Broody hen signals start of egg search

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This week, I’m back on-piste, on-message, and it’s ... drumroll ... yes, you guessed it. Chickens.

The main topic of conversation this week at Shoogly Towers has been if we have a broody chicken or not. This is a much-anticipated spring event – the first broody hen.

If a lay-dee chook occupies a nest box for days on end, jumping off only occasionally to do he-yew-ge poops and grab a beakful of food, attacks every hand that comes within a 20cm radius, makes a low growling sound, and hunkers down with tail feathers fanned and loft, it’s dun gawn broody.

This means if your lay-dees have a gennulman chicken (i.e. a cockerel) who has, ahem, been looking after them, and you have a nice quiet space and runs with teeny mesh attached, then why not take advantage of nature’s freebie incubator – your broody.

No need for fancy machinery, just let nature take its course.

Pop your broody in her personal nursery, put the eggs in (we usually make a wee nest on the floor, then there’s no danger of new chicks accidentally falling out and dying of cold), a small feeder and drinker, and let her get on with it.

Amazingly, new chicks raised this way are incredibly resilient, usually appearing in the run for a stroll with mum on day two. Once the chicks are hatched, use a teeny feeder with chick crumb and a weeny drinker they can’t fall into and drown. Sorted.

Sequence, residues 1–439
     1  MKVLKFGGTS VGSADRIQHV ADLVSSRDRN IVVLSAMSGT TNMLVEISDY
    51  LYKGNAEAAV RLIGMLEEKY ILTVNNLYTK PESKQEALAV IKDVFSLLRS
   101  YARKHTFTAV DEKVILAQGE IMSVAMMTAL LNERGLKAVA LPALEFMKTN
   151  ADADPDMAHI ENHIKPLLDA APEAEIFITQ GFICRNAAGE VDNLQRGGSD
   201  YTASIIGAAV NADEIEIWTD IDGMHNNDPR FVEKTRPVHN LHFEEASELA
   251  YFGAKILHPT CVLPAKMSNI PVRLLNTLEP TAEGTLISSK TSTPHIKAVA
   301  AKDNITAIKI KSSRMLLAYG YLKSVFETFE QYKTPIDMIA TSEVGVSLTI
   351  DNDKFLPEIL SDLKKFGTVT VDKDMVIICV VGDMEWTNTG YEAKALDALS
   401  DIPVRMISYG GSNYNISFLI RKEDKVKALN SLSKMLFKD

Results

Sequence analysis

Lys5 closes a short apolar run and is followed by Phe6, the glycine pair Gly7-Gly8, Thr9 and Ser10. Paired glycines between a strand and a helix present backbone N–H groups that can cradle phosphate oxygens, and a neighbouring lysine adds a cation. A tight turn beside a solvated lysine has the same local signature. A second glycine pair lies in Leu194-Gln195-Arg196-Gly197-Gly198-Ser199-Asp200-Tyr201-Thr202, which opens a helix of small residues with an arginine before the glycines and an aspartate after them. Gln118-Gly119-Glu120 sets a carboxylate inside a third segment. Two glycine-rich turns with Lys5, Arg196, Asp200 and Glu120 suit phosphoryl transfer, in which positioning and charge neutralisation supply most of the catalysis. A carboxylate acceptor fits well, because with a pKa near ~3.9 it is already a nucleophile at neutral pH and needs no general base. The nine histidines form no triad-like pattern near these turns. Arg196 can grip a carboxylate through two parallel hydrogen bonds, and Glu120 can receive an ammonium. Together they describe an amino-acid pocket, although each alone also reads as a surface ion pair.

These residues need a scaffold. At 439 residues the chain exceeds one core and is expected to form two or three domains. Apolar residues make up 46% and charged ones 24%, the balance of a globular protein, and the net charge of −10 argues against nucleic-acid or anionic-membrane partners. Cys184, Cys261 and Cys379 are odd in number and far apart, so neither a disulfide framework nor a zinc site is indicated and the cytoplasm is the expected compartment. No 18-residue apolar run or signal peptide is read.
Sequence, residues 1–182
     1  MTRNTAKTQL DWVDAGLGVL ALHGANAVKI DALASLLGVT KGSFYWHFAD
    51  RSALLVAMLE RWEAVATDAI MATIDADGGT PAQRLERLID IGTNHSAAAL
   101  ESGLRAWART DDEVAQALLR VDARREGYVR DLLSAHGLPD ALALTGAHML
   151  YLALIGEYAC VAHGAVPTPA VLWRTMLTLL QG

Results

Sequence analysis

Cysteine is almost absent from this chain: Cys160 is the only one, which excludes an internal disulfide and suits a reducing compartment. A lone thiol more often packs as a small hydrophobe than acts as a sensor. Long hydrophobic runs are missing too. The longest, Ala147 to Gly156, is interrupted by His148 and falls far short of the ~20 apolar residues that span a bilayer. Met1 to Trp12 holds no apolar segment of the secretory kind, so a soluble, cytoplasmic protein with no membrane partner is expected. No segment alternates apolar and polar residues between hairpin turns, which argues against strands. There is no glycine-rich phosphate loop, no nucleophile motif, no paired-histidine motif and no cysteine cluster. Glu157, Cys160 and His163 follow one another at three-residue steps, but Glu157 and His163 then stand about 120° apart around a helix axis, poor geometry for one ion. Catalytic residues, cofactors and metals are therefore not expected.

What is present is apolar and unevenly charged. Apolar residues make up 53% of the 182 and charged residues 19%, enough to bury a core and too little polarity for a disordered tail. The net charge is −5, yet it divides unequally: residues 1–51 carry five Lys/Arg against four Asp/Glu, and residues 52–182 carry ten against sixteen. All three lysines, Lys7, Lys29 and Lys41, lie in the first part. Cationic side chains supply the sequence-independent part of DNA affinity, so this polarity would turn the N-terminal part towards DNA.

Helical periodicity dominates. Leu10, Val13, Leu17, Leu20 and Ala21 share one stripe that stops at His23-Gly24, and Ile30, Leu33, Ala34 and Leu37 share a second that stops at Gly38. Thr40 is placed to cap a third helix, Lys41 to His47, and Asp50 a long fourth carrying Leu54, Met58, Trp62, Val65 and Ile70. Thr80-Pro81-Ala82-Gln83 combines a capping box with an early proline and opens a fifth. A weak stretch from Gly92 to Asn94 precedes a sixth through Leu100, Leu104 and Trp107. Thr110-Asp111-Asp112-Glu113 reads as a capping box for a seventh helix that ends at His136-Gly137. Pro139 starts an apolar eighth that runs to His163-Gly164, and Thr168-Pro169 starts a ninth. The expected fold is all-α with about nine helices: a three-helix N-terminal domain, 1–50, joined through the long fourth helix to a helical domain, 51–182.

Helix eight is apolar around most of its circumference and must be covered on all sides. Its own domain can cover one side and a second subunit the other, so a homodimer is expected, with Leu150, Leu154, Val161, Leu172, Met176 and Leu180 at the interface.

The other hot topic at Shoogly has been which eggs to put under the broody, when she is 100 per cent confirmed as such. There seems to be general agreement that we should buy in some eggs, in a colour which we don’t already have, eg. white or pink. We have a range of blues through to khaki, and brown from beige to deep chocolate, and even the odd speckled one. They look so lovely in the box and our customers love the colourful mix.

The search is on.

So far we have ruled out breeds that don’t lay too well, breeds that lay wee eggs (we only have one bantam, purely for decorative purposes – it’s the Young Master’s), breeds that are particularly flighty (we have some already which are deemed to be generally flightly, and they have been OK to date, but let’s not tempt fate, living close to a road, as we do), ‘boring’ colours (we have quite a few home-bred hens which are black/green, black/brown variants), and breeds with a lot of leg feathers (not great when the Shoogly acres turn to mud in the winter).

So, anyone with a green and red chicken which lays purple eggs, get in touch.